To maximize the freshness of their catch, many fishing vessels immediately process and freeze the fish on the boat. As long as temperatures remain consistent during transit, this method results creates a high quality, consumer ready product.
When buying frozen fish, be sure to avoid packages that are torn, open, or crushed. Look for packages free of frost or ice crystals, as this is a sign the fish may have been thawed and refrozen or stored for too long.
Purchase fresh seafood from a reliable retailer or fishmonger who handles seafood properly. The key to buying fresh fish is to look for a business with quick turnaround on their stock. Don't be afraid to ask which item is freshest and check to see what the catch of the day is. Also, don't be misled by the term "fresh". Most grocers in landlocked areas are selling either frozen or previously frozen fish. If you prefer fresh and not frozen, look for a retailer that values freshness.
Make sure whole fish is set out on a bed of ice and look at it closely. The flesh should be shiny and firm, the eyes clear and slightly bulging, and the gills should be bright pink and wet (not slimy or dry). Fresh fish should not smell "fishy" or sour; instead it should have a fresh, mild odor.
Fillets and steaks should look moist with no discoloration or dry edges. The meat should not have any gaps or be separating from itself.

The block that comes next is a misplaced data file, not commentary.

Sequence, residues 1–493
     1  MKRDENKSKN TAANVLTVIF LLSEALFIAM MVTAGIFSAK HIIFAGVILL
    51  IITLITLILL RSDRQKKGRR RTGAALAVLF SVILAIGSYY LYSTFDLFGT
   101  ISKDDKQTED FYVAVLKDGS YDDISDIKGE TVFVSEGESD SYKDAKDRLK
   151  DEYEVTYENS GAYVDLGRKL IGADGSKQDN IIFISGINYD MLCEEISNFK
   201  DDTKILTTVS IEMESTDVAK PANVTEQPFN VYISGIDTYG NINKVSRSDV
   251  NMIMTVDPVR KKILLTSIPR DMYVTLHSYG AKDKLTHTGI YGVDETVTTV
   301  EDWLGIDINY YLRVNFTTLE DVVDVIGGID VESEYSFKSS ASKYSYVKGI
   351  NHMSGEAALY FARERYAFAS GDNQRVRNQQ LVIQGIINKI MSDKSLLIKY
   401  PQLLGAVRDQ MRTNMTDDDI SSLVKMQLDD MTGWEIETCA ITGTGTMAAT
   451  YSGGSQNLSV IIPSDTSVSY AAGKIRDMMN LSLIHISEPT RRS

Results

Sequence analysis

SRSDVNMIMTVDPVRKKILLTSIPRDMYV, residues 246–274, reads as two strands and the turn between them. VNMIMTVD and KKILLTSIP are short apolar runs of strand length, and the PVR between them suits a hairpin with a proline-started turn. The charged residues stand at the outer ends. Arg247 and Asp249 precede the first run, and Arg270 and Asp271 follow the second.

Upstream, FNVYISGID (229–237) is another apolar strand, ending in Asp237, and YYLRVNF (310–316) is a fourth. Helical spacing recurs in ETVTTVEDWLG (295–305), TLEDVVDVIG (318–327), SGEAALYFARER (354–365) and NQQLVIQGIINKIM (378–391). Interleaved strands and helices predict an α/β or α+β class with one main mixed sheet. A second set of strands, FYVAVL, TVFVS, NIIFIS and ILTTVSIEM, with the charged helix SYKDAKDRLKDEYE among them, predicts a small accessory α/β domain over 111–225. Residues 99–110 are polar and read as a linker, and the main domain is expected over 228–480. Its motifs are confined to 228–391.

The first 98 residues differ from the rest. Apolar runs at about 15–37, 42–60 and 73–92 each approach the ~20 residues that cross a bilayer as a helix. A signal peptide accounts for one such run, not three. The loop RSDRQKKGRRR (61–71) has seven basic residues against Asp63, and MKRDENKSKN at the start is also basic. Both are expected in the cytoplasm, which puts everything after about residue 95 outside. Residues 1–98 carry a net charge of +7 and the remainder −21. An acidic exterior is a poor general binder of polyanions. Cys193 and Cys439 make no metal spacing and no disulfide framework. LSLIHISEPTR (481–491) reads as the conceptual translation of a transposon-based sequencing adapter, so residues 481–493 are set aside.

Cooking times will vary based on the freshness and size of the fish you are cooking, but there is a general rule to keep in mind. For broiling, poaching, baking, grilling, or pan-frying fresh fish, the cooking time is 10 minutes per inch of thickness. For frozen, unthawed fish, double the cooking time to 20 minutes per inch. Fish is done when it begins to flake when tested with a fork. If fillets are thicker in the center than at the ends, reduce cooking time slightly or the thinner areas will be overcooked.
Reduce your exposure to contaminants and mercury in fish by:
- Eating a variety of smaller fish
- Larger fish, such as swordfish and shark, which prey on smaller fish, have higher levels of mercury.
- Removing any visible fat before cooking
- Most contaminants accumulate in the fat and skin of the fish. Avoid eating or cooking with fish fats.
- Mercury, however, is stored in the fillet of the fish and is not reduced by removing the fat or skin. Eating only the fillet and not the skin
- Cooking the fish properly
Avoid eating large fish such as:
- King Mackerel
- Tile Fish